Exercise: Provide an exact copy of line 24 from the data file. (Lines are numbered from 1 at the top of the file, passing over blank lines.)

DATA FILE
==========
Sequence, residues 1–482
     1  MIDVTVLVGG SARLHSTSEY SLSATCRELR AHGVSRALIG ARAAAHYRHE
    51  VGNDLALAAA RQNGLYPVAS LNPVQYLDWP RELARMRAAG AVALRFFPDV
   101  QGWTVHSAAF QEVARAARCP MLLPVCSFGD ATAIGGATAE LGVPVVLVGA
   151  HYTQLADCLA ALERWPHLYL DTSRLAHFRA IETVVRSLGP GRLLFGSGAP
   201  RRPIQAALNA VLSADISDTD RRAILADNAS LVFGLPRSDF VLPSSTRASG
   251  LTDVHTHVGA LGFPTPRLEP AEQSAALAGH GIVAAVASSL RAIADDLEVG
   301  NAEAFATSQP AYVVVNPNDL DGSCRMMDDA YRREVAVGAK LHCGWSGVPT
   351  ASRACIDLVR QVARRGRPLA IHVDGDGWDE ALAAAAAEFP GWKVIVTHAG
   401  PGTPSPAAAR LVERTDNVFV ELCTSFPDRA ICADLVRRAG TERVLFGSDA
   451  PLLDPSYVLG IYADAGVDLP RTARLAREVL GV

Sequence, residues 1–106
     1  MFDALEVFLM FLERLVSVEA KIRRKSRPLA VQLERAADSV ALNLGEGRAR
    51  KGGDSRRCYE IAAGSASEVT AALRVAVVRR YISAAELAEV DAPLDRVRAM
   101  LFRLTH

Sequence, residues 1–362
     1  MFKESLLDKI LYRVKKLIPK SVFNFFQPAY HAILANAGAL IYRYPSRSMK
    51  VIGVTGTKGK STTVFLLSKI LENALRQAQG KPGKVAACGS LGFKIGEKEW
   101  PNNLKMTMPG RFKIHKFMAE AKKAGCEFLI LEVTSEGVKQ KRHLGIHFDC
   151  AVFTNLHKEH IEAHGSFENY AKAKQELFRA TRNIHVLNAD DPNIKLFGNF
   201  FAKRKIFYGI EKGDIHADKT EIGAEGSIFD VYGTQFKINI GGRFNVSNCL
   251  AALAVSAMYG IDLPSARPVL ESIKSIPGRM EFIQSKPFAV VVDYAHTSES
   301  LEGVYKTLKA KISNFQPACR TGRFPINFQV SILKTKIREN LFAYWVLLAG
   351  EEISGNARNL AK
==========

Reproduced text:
   351  EEISGNARNL AK